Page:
“Toll-free,” regarding long distance telephoning, has a FCC definition which governs, absent an expression to the contrary clearly stated in the Contract, and the trial court must judicially notice such federal law.  “Toll-free” simply means providing long distance calling without charge by the long distance carrier;  it does not address local access fees by pay telephone to local telephone carriers.   See 26 CFR § 49.4252-2(a);  47 CFR § 52.101(f);  Sims v. Southern Bell Tel. &c. Co., 111 Ga.App. 363, 364, 141 S.E.2d 788 (1965);  see also 44 USC §§ 1507;  1510.   Local access fees for pay telephones are access charges imposed by local telephone owners for moving a call from a pay phone to the local telephone exchange for purposes of routing the call to a long distance carrier.   See FCC Order No. 97-371 (October 9, 1997), 47 CFR Part 64, Subparagraph M;  see also 47 USC § 276(b)(1)(A).   Since “toll-free” has a well-understood technical meaning, then the trial court must apply such meaning.   OCGA § 13-2-2(2).

 This Contract must be enforced according to its clear terms.  McCaughey v. Murphy, 225 Ga.App. 874, 877(2), 485 S.E.2d 511 (1997).   The trial court, by way of construction, is prohibited from extending the contractual terms beyond what is fairly within the existing contract terms, i.e., requiring Citibank to incur the local access fees for pay phone calls to the toll-free number.   Even though it would have been desirable for DHR to have made local access fees a part of the required customer service for benefit recipients, this was DHR's mistake, and the trial court cannot redefine toll-free number, customer service, scope of the Contract, or core service to imply an obligation that was never there under the Contract.  Ga. Ports Auth. v. Servac Intl., 202 Ga.App. 777-778(1), 415 S.E.2d 516 (1992).   The trial court cannot imply an obligation on one party to the Contract that is not fairly imposed under the express terms of the Contract.   Here, local access fees were not in the contemplation of the parties when the Contract was entered into, because local access fees resulted from subsequent regulations.   American Home Assurance Co. v. Smith, 218 Ga.App. 536, 538(1), 462 S.E.2d 441 (1995).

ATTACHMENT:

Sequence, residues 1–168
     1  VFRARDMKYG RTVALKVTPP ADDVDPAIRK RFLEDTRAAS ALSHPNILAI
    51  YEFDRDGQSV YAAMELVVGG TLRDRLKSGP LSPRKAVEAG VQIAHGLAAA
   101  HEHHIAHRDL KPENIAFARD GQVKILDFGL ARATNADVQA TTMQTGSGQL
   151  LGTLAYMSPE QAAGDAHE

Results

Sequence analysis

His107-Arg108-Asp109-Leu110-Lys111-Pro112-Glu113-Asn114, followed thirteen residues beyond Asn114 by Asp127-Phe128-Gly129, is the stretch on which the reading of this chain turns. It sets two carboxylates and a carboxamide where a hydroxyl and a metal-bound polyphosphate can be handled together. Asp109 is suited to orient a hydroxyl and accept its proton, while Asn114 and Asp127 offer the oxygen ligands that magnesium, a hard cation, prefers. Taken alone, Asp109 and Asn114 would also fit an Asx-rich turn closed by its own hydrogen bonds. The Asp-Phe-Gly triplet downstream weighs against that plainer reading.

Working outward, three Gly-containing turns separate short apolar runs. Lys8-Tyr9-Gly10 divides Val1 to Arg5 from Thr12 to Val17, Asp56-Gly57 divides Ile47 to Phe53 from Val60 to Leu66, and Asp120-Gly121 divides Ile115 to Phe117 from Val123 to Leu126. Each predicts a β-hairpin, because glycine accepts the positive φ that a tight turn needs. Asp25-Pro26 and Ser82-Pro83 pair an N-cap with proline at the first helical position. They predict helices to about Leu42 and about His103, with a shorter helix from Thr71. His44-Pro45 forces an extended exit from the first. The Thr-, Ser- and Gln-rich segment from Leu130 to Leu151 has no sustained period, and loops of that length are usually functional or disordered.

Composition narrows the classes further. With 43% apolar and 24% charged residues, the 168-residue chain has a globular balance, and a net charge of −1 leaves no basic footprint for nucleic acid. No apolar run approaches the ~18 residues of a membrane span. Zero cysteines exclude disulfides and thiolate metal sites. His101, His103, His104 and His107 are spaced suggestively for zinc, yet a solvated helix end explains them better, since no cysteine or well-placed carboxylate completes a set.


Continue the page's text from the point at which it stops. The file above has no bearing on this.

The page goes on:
Citibank is entitled to the construction of the Contract that paying the local access fees from pay telephones to its toll-free number is not part of its obligation to provide a toll-free telephone number benefit recipient service and that it can refuse to accept such calls unless reimbursed by DHR under a renegotiated Contract.   Thus, Citibank is entitled to declaratory judgment in its favor to that effect that it may cease receiving pay phone calls to its toll-free number.

Judgment affirmed in Case No. A00A0675;  Judgment reversed, vacated, and remanded with directions in Case No. A00A0676.

FOOTNOTES

1.   Several southern states, as the Southern Alliance of States (“SAS”), formulated the standard terms for the Contract and were individual parties to the Contract with Citibank with separate state agreements;  Georgia was a member of the SAS.

ELDRIDGE, Judge.

BLACKBURN, P.J., concurs. BARNES, J., concurs fully in Case No. A00A0675 and concurs in judgment only in Case No. A00A0676.